One of my favorite games of recent years, Papers, Please (previously), just appeared on iPad. It'll be a good fit for the platform, and I hope this means more people will get to play it.
You play as a border agent for a fictional, grim Soviet Bloc-inspired nation. In the mundane and dehumanizing task of processing paperwork, you discover an unexpectedly complex landscape of decisions and provocations. You end up thinking a lot about The State, and the problematic, dehumanizing nature of bureaucracy itself.
Is it gauche to quote from my own review in the New Statesman from last year?
Just from a mechanical standpoint, balancing a complex set of components and variables is surprisingly engaging, a constant test of your acuity. The game has a delightful tactility to it: stamping feels so weighty and wet you can nearly smell the ink, and papers shuffle with excellent brittleness. As days pass in the game, the demands increase -- it soon becomes clear it’s nearly-impossible to process everyone in the same methodical way, without mistakes. You start losing money. Your son gets sick. And that’s when Papers, Please starts getting truly interesting.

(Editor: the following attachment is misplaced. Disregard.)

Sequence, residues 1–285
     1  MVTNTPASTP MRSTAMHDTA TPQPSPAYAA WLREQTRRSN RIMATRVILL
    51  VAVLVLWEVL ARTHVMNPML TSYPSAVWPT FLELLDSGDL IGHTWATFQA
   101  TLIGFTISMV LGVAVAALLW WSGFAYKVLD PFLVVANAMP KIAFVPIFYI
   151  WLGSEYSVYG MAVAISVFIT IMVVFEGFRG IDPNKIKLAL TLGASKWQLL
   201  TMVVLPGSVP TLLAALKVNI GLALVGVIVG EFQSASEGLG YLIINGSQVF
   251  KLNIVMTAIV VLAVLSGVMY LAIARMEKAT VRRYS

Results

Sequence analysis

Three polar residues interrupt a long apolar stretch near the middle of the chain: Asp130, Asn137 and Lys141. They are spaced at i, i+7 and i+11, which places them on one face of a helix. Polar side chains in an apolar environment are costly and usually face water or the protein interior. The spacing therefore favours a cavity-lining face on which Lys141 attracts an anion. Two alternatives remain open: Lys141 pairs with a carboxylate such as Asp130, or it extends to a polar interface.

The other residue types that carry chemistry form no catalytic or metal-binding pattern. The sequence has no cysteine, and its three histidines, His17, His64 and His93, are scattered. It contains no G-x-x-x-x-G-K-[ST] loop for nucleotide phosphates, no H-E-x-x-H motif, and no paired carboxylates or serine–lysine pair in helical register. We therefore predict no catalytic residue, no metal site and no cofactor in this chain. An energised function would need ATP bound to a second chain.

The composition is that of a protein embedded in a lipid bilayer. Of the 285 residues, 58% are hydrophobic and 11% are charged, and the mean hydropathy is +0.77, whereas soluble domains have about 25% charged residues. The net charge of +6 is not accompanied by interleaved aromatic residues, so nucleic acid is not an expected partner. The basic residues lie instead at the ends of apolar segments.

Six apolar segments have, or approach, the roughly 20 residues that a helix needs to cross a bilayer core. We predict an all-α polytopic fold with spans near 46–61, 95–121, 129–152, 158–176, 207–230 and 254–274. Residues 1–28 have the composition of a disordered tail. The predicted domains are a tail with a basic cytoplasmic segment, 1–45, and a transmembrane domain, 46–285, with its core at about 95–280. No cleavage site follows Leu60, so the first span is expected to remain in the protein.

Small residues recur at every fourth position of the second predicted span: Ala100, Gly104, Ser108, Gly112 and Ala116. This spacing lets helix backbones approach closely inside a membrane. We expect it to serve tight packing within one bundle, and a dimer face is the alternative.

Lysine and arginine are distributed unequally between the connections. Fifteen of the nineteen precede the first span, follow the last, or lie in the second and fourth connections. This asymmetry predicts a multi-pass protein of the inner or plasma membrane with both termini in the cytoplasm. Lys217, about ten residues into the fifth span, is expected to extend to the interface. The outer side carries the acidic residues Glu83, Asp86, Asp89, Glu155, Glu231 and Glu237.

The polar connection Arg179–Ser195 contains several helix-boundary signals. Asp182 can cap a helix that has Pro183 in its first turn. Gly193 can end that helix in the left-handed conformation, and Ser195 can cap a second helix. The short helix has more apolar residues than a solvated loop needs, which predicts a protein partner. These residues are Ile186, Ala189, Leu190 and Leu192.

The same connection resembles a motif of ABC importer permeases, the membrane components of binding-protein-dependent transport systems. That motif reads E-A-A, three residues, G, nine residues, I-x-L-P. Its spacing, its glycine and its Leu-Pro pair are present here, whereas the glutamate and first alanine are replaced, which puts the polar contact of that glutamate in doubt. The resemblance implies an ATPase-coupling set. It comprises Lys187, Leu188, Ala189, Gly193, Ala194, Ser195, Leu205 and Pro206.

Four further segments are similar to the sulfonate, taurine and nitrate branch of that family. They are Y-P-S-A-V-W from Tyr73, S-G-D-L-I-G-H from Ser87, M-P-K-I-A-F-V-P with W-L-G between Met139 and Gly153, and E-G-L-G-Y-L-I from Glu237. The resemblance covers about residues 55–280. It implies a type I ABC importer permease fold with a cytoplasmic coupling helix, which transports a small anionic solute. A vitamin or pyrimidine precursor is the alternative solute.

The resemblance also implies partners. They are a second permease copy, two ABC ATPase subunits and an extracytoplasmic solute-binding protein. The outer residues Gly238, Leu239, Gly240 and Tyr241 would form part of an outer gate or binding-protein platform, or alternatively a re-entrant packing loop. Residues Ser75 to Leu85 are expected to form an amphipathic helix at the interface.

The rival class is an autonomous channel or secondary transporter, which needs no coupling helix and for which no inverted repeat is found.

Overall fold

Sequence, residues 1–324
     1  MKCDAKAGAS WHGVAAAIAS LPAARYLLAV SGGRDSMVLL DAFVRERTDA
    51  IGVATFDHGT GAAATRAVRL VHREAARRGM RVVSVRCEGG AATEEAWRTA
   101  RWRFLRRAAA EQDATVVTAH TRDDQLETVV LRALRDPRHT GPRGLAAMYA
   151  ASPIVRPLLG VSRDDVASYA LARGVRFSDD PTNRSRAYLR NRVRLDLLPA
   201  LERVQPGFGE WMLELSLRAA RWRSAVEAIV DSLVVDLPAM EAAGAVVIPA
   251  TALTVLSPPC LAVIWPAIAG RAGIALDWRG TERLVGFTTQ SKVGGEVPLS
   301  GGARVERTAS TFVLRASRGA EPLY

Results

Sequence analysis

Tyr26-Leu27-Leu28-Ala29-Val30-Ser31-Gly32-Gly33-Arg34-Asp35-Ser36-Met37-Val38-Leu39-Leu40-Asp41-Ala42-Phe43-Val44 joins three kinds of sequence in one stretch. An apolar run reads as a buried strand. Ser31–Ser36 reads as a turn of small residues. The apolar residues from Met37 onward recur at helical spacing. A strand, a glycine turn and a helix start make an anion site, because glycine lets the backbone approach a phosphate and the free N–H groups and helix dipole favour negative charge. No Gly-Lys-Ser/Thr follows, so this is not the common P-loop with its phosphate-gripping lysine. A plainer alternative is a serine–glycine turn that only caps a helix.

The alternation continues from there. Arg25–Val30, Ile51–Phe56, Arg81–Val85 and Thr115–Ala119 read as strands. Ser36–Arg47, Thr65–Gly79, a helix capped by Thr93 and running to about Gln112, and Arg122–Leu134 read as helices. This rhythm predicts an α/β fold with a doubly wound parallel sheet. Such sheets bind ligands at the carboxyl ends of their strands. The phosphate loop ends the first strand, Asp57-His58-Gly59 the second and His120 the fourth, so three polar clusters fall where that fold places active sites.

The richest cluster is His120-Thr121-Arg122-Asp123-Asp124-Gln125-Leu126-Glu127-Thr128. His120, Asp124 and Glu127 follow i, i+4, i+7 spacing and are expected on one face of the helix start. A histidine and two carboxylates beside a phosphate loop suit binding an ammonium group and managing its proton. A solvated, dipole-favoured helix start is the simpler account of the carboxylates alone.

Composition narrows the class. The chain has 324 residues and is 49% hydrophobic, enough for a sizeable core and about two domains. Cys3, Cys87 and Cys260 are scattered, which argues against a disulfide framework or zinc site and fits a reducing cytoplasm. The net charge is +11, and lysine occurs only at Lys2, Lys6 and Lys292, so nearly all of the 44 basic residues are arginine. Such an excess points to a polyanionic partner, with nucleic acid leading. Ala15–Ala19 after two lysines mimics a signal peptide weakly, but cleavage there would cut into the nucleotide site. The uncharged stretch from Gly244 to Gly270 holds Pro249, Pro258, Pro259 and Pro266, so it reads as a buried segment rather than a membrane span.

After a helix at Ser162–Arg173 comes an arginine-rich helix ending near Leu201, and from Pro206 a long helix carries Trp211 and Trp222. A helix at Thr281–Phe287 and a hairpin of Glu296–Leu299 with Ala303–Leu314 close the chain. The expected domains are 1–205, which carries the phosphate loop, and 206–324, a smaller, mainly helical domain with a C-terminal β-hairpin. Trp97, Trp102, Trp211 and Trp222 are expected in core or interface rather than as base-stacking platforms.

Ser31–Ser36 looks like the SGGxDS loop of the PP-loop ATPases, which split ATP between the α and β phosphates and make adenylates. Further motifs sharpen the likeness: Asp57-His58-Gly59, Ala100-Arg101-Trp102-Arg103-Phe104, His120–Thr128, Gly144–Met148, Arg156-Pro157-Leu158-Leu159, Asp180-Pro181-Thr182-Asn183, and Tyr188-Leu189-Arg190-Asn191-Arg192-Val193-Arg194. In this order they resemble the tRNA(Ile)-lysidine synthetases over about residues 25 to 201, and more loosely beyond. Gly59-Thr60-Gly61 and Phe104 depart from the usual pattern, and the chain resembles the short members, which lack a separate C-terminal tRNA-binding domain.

The iPad version didn't launch without wrinkles, though. Apple initially rejected the game for 'pornographic content' -- the bleak, utterly unsexy nude backscatter photos you look at when you're screening for contraband. Creator Lucas Pope just put some underpants on there so that players who don't like the nudity have an option, and things are okay.
Apple says it was all a misunderstanding on its part -- but it's worth pointing out the company has a history of finding reasons to disallow uncomfortable political games from its App Store.
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